Robbie Rogers played for the Columbus Crew and the U.S. national team before going abroad and joining Leeds United. Soon after, he abruptly quit the game and announced that he was gay. When he came out of retirement, with the LA Galaxy, Rogers became the first and only gay male athlete in any of the the big American sports leagues. He also wrote a book about growing up with such a big secret, keeping it from family, friends, teammates, coaches—everybody.
This is the first in a Dummy companion series we’re calling 1v1. The idea is to talk to some of the leading players, managers, businesspeople, journalists—and not just about the usual stuff, but to really go deep on the experiences and points of view that make them unique. In this interview, Robbie talks about what it was like in the U.S. residency program in Bradenton as a teenager—he only stayed for a little while because it was such an unwelcoming environment. He speaks about locker room culture here in the U.S. and in England. He spoke about his internship in London, where he would transform from celebrated pro soccer player in the morning to the guy who fetched the coffee in the afternoon. Rogers says he believes people think he’s stuck up when he first meets them because he’s an introvert and very shy: “I’m probably that way because I’ve been closeted for so long and I don’t trust a lot of people.” He says that he’s always felt like an outcast.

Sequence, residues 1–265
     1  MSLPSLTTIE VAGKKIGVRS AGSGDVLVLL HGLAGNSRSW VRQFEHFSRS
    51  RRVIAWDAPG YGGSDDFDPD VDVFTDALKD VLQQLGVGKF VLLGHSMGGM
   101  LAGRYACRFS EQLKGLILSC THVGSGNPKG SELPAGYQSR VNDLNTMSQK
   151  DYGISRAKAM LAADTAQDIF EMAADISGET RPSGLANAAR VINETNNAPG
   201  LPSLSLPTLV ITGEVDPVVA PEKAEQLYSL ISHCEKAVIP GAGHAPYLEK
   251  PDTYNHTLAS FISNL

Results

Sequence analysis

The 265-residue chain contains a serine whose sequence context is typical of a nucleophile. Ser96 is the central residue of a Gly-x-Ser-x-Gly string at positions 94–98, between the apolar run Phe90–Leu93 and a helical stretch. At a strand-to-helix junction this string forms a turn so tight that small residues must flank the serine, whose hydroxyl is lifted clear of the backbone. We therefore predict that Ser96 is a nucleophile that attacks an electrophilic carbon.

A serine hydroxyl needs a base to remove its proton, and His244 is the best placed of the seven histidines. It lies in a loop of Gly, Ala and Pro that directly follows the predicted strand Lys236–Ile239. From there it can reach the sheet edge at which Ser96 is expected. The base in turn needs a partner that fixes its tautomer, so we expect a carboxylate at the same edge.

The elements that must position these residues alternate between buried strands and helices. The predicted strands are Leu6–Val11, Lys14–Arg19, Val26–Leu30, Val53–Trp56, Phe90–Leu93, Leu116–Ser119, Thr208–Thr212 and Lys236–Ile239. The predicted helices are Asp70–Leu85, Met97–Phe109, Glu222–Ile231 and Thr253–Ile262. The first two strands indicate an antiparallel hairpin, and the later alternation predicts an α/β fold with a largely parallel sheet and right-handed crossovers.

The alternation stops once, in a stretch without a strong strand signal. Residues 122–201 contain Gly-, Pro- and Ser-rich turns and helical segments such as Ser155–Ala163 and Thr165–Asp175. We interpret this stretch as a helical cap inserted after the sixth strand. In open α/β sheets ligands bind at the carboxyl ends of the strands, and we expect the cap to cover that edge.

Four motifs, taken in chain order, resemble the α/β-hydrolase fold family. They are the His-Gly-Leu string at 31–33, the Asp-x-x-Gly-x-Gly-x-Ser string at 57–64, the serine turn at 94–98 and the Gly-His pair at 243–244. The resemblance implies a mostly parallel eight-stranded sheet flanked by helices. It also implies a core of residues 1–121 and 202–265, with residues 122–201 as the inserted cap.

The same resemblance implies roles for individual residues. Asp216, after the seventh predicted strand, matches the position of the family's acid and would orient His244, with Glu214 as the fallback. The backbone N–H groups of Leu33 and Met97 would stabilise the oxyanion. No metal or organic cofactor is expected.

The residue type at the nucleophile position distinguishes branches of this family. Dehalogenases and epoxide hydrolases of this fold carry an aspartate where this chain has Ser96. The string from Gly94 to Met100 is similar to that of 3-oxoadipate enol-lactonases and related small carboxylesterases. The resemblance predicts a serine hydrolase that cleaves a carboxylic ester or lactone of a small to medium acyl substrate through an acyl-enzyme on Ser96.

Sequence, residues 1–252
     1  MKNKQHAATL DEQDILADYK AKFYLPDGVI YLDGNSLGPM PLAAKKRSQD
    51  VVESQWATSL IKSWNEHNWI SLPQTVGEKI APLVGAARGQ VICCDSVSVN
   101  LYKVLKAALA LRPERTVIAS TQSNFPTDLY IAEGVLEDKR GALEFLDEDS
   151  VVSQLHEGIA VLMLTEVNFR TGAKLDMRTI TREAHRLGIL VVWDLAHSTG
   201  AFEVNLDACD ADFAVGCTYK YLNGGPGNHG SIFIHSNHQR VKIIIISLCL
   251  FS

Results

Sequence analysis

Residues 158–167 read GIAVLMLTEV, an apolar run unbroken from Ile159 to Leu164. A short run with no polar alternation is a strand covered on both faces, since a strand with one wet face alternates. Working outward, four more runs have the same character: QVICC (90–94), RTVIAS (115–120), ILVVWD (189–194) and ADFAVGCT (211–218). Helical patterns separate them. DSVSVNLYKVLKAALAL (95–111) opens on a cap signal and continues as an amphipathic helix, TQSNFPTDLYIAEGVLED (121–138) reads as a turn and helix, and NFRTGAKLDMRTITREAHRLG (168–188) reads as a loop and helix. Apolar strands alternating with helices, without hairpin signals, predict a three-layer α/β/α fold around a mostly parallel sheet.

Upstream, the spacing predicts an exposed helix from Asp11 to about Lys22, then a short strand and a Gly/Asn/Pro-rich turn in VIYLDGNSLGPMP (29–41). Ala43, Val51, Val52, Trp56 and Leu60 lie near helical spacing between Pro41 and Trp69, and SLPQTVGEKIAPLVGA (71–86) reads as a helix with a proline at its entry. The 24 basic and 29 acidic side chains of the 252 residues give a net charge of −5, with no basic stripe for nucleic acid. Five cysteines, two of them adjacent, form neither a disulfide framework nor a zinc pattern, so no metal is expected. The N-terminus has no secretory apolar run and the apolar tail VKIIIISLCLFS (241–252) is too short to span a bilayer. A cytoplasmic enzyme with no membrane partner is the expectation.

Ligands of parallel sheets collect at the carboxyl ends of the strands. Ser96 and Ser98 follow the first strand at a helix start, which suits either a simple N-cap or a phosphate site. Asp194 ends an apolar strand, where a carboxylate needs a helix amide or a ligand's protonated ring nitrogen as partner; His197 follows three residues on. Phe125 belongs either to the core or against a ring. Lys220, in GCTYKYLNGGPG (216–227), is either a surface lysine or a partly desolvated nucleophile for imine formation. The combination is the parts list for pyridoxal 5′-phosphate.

All told, it’s an incredibly honest and open and enjoyable conversation. In the coming weeks and months, we’ll publish similar interviews with Carli Lloyd, Sean Johnson, Alexi Lalas, Christen Press, Paul Gardner, and others.